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Oregon Health Authority urges protecting infants from RSV amid shortage of new immunization

Oregon Health Authority

PORTLAND, Ore. (KTVZ) – State health officials are urging Oregonians to practice everyday preventive measures to protect infants from respiratory syncytial virus, amid a national shortage of the new RSV immunization called nirsevimab.

One of three new RSV immunizations released at the start of the 2023–2024 respiratory virus season, nirsevimab – known commercially as Beyfortus, made by Sanofi – is a monoclonal antibody injection that has been in limited supply since it became available this fall.

“There has been greater-than-expected demand for this new immunization against RSV,” said Dean Sidelinger, M.D., M.S.Ed., health officer and state epidemiologist at OHA. “The Centers for Disease Control and Prevention has told us the supply shortage is not due to any manufacturing issues, but instead due to an underestimation of the demand for nirsevimab following its release.”

Sidelinger added, “While we know this shortage may be disappointing for parents who are taking steps to protect their babies from RSV, we do have other tools available to help protect infants through the fall and winter.”

Until national supplies for nirsevimab increase, health officials recommend people in Oregon take other steps to reduce risk of RSV transmission to infants, who are most at risk for severe illness, including hospitalization and death. Pregnant people who get a vaccination for RSV when they are 32 to 36 weeks pregnant will pass protection on to their baby so their child will not need to receive nirsevimab after they are born.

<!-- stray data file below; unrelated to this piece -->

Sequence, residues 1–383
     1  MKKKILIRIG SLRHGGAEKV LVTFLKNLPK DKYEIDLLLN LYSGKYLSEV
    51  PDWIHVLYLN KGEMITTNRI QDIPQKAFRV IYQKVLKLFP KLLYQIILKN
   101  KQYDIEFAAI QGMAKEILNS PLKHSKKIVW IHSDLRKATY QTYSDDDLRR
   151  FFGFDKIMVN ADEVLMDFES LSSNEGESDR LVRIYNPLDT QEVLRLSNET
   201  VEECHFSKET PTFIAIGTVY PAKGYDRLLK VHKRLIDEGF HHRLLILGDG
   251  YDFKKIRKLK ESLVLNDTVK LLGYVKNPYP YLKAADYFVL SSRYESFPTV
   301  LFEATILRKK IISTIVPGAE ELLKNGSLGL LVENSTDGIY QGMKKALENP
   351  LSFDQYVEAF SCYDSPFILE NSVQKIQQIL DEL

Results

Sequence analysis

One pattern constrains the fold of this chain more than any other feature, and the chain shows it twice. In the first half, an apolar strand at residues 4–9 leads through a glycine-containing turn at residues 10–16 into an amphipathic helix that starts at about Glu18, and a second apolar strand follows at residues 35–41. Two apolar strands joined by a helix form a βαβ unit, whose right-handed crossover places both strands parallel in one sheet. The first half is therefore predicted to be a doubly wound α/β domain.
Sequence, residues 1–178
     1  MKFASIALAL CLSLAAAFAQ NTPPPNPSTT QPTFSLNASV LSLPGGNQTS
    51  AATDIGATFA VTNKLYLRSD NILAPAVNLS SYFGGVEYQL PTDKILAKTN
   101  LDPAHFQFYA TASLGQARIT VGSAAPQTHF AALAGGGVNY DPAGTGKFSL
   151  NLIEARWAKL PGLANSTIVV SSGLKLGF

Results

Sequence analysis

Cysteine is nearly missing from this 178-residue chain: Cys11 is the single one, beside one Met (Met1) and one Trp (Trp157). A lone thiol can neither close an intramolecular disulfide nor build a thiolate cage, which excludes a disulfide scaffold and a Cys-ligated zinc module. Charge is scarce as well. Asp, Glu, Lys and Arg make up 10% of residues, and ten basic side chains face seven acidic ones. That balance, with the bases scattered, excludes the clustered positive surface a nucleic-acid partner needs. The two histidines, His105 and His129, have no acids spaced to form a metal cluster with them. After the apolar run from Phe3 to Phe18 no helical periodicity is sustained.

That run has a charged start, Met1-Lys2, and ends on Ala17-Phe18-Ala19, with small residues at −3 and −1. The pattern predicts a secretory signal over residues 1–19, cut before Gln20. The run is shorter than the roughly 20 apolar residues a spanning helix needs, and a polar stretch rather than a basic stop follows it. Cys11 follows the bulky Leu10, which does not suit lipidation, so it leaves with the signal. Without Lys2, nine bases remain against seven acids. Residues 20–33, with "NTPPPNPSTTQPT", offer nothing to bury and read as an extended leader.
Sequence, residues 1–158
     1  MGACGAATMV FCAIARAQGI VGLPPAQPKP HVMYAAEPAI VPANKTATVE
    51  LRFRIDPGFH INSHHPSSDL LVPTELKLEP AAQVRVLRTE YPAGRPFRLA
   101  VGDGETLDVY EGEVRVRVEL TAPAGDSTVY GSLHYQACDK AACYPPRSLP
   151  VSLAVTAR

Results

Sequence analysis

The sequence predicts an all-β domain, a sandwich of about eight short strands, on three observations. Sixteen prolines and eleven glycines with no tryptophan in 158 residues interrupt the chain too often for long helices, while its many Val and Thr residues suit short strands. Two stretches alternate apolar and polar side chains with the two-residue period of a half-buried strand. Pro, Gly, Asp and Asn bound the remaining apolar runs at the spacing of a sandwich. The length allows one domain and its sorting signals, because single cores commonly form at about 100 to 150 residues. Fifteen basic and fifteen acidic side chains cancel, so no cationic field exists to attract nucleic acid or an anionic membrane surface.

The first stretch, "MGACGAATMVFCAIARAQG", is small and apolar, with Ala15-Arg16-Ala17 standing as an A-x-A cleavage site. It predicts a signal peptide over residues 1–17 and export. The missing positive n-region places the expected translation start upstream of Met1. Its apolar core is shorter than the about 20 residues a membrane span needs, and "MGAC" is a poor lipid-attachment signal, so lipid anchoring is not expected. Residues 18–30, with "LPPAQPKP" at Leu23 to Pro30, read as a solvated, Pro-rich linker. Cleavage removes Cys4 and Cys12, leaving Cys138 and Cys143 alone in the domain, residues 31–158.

“Up to 3% of Oregon infants are hospitalized each year with RSV,” said Melissa Sutton, M.D., OHA medical director for respiratory viral pathogens. “As the holiday season approaches and we gather with family and friends, RSV is expected to increase in our communities. Now is the time to plan how you will protect newborns and other young children you might be around as you gather with friends and family members.”

Sutton said that means using the same preventive measures that protected people during the pandemic—staying home and limiting contact with others when sick, wearing a mask, covering coughs and sneezes, washing hands, cleaning frequently touched surfaces—and encouraging pregnant people and certain people 60 and older to get a new adult RSV vaccine.

“We know it’s protective to wear a mask around a newborn, especially for family members meeting that baby for the first time,” Sutton said. “Masks are very effective at reducing transmission risk and keeping that child safe.”

On Oct. 23, CDC shared interim guidance with states that includes recommending vaccine providers prioritize their remaining doses of nirsevimab for:

  • Infants younger than 6 months.
  • American Indian and Alaska Native infants younger than 8 months and those 8 months to 19 months old living in remote regions.
  • Infants younger than 8 months with underlying medical conditions.

Additionally, CDC is recommending vaccine providers suspend nirsevimab use in children 8 months to 19 months old if they qualify for palivizumab, a preventive antibody available since 1998 for use only in medically complex infants or those born prematurely.

The federal agency also stated that clinicians should offer the new adult RSV vaccine Abrysvo (made by Pfizer) to pregnant patients, letting them know that nirsevimab may not be available for their infants after giving birth. Either nirsevimab for infants or maternal vaccination are recommended, but not both, because both provide protection to the infant.

Abrysvo is available to pregnant people at 32 to 36 weeks’ gestation during September through January, and for people 60 and older. A second vaccine, Arexvy, is available for those 60 and older. OHA officials say the supply of these new vaccines in Oregon is stable, although shortages of any new product are not uncommon as demand may be difficult to predict.

“We understand parents are frustrated over nirsevimab’s limited availability, but this shortage will not be permanent and access to the RSV immunizations will improve,” Sidelinger said. “Until supply improves, remember those basic prevention methods for keeping infants and others safe during respiratory season, and getting your influenza, COVID-19 and adult RSV vaccines.”

Article Topic Follows: Oregon-Northwest

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